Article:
This question has recently been closed as Needs more focus.

Although I agree that the question is not about an exact single real-world problem that a user is currently facing during the development of a game, it is an interesting theoretical one that is related to game development.

In my humble opinion, it does very well fit within the criteria of "good subjective" that we have here.

Should we reopen it?

(You can vote to reopen it 😉)

A couple of things to note about the close votes:

  • two votes were cast before the edit in its current form so maybe the users who cast them would not have cast them with the question in its current form
  • three mods commented on the question without feeling the urge to unilaterally close it, so it's presumable "border line"

I'm raising this here because I'm starting to be concerned about what this site appears to be becoming: a programming site that is specific to game-development tools, which SO can do (and is doing) very well. This question appears to move us away from the "bad" aspects of the site raised last year (We're slowly becoming a Unity Stack Exchange., It's hard to find high-level questions). This is probably a discussion topic to be posted separately here on meta, but welcoming such questions could help keep the community active and healthy. (Also, just to make it clear, I'm not trying to help a fellow mod get more internet points.)


1 Answer 1


I didn't much care for the original version of the question. Asking for a shopping list of NP hard problem instances isn't particularly deep, i.e. they don't inspire answers that explain "why" and "how". And they may become problematic in terms of maintenance - as new game mechanics (& to a slower extent genres) are invented over time, additional NP hard problems might become 'game dev problems'. As surfaced in the comments, the maintenance aspect is at best a lesser concern.

In contrast, the edited version does inspire "why" and "how" answers. While the question is on the broader side, it has answer that covers pretty much everything I can think of & manages to do so in about a screen's worth of text. I have voted to reopen.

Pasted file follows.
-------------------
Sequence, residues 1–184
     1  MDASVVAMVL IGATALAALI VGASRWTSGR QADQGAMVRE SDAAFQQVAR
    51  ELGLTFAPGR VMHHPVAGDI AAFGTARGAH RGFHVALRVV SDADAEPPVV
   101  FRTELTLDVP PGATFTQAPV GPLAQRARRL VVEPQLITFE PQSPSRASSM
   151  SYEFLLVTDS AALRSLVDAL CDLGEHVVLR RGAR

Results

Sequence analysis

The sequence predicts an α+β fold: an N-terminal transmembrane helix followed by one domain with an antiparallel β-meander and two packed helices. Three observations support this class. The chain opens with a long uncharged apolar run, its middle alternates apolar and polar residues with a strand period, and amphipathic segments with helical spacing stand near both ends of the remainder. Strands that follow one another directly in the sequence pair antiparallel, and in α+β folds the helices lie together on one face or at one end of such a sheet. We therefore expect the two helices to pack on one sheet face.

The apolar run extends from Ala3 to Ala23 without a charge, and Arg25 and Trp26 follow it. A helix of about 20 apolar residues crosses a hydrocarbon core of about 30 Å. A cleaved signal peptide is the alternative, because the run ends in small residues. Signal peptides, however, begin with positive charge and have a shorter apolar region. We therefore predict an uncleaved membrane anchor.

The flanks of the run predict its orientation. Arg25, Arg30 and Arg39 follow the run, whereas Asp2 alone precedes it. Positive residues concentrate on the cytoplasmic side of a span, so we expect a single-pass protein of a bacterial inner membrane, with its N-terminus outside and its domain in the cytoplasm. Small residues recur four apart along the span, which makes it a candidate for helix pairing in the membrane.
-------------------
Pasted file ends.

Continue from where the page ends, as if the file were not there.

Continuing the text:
Regarding the concern about GDSE's focus drift - I think that's a valid point. The question in question along with its answer are the sort of thing that will probably still be relevant in spite of the API turn over that's bound to occur over time.

  • \$\begingroup\$ "Asking for a shopping list of NP hard problem instances is problematic" - I somewhat disagree. Asking for dynamic lists is problematic, but the list of NP-Hard problems encountered in game development doesn't change. It gives a great resource to study specific to game development. \$\endgroup\$
    – Evorlor Mod
    Commented Sep 2, 2022 at 16:51
  • \$\begingroup\$ I was thinking in the sense that new game mechanics (& to a slower extent genres) are invented over time which in turn may add new NP hard problems to the list. I may have overstated the concern though; could happen doesn't mean it will happen at a problematic rate. \$\endgroup\$
    – Pikalek
    Commented Sep 2, 2022 at 17:10
  • 2
    \$\begingroup\$ @Evorlor I edited to reflect my take on your comment. Regarding your point of a list being a good resource - would you be willing to expound on that as a full answer? While I'm admittedly list answer averse, I'd very much appreciate hearing viewpoints that broaden my thoughts &/or make GDSE a better, more inclusive resource. \$\endgroup\$
    – Pikalek
    Commented Sep 3, 2022 at 16:43
  • \$\begingroup\$ I note this answer has 4 upvotes, but the question has received only 1 re-open vote (which has since timed out). If folks upvoting think this is answer is appropriate, please go cast a re-open vote! (Unless all 4 upvotes were from us mods, wary of vetoing the community's close votes?) \$\endgroup\$
    – DMGregory Mod
    Commented Sep 11, 2022 at 0:54

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